Seminal studies have tried to capture the tension between time-invariant clusters and the dynamics of change in labour market protection taking place in high-income countries over the last decades. We specifically refer to Thelen’s Varieties of Liberalization and the New Politics of Social Solidarity, in which she argued that trajectories of change in labour market protection are consistent within each country-cluster. Accordingly, liberal countries pursued a deregulation trajectory, which consisted in a classic form of liberalization that reduced social protection for the whole workforce. Christian democratic countries, instead, followed dualization, a form of liberalization that maintains high protection for the core of the workforce (especially in manufacturing), while deregulating the periphery (and in particular the low-skilled service sector). Finally, social democratic countries pursued embedded flexibilization: a process aimed at making the labour market more flexible, while contextually investing in active and passive measures. Although presenting important insights, this work is based on a restricted sample of countries and employs a rather limited selection of indicators to define labour market protection.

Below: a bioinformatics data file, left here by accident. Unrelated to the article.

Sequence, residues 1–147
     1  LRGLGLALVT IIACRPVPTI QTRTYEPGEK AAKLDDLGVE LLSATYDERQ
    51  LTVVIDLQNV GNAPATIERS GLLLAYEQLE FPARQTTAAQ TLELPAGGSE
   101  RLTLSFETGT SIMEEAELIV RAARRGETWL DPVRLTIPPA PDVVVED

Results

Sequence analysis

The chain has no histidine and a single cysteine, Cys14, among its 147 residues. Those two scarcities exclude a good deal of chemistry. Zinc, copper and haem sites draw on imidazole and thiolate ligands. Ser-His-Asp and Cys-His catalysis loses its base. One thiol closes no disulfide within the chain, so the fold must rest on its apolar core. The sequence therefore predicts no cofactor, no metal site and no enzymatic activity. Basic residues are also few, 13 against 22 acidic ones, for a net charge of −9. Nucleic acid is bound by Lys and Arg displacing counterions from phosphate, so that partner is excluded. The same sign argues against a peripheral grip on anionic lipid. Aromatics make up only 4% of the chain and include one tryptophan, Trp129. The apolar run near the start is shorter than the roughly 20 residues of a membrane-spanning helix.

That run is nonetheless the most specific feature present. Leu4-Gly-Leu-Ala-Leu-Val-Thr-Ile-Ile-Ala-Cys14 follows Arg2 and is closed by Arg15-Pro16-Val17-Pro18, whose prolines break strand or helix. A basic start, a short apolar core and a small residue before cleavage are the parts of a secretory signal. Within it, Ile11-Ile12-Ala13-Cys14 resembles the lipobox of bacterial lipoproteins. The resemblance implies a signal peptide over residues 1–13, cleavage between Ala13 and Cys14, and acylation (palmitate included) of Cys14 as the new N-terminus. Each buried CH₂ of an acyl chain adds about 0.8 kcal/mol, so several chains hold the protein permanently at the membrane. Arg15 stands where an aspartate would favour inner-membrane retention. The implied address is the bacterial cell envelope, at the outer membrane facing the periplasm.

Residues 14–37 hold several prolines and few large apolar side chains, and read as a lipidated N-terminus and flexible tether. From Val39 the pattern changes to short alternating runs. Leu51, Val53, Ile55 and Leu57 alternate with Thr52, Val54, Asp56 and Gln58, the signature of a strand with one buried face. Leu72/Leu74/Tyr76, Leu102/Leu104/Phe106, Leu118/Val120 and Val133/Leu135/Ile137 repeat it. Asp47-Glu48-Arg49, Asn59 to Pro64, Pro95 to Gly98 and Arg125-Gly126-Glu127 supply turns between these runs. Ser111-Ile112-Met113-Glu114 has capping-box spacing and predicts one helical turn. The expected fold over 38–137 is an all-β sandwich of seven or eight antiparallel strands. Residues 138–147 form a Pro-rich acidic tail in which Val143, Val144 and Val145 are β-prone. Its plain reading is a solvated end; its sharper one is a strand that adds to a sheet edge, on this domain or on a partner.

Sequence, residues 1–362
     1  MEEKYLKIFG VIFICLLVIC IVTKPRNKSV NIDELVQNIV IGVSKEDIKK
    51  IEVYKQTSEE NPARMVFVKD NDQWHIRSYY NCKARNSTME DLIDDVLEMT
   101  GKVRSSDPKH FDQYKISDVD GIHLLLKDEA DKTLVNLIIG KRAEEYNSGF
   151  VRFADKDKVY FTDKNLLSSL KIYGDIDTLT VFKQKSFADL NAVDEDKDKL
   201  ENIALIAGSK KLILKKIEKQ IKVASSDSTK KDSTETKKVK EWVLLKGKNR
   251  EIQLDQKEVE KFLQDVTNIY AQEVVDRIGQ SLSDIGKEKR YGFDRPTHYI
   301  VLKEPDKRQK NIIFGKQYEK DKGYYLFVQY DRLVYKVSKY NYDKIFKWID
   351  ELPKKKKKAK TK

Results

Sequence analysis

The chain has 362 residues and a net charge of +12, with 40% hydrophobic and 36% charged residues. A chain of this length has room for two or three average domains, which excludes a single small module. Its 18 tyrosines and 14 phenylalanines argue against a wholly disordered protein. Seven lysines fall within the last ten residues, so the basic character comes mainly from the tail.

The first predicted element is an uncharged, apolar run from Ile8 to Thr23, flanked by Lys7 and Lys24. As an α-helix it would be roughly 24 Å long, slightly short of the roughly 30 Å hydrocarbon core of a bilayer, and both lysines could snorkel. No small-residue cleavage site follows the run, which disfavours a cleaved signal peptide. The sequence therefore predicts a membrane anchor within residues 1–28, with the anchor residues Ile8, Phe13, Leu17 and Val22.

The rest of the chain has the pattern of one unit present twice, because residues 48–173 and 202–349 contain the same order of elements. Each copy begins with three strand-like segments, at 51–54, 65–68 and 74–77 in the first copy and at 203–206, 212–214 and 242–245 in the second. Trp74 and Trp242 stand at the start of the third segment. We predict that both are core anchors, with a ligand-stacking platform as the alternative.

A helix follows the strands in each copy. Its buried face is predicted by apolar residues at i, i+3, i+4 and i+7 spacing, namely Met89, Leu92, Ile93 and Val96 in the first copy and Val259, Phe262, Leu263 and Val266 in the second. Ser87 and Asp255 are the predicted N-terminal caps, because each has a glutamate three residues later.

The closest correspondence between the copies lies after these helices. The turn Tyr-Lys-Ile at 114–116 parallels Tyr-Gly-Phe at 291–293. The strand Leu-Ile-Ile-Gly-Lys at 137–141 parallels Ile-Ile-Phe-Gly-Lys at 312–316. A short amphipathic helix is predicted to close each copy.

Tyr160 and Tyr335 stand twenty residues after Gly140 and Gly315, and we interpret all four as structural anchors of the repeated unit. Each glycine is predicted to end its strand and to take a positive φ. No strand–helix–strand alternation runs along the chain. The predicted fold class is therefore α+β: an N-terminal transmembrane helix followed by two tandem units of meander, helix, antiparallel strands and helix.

In our article, we address these issues looking at similarities and differences in labour market protection across four country-clusters and three decades. In doing so, we refine Thelen’s work by systematically analysing processes of change at the country-level in relation to (and independently from) existing country-clusters in a large-N setting. We also measure labour market protection more holistically, distinguishing between programmes for core workers and those targeted at atypical workers. Our operationalization of labour market protection employs macro-level data from OECD and other sources and is based on four different dimensions: employment protection, unemployment protection, income maintenance and activation. We also account for changes in the workforce composition including indicators measuring the unemployment rate, the share of permanent and temporary workers and the share of involuntary part-time workers (an indicator used as proxy for poor quality jobs).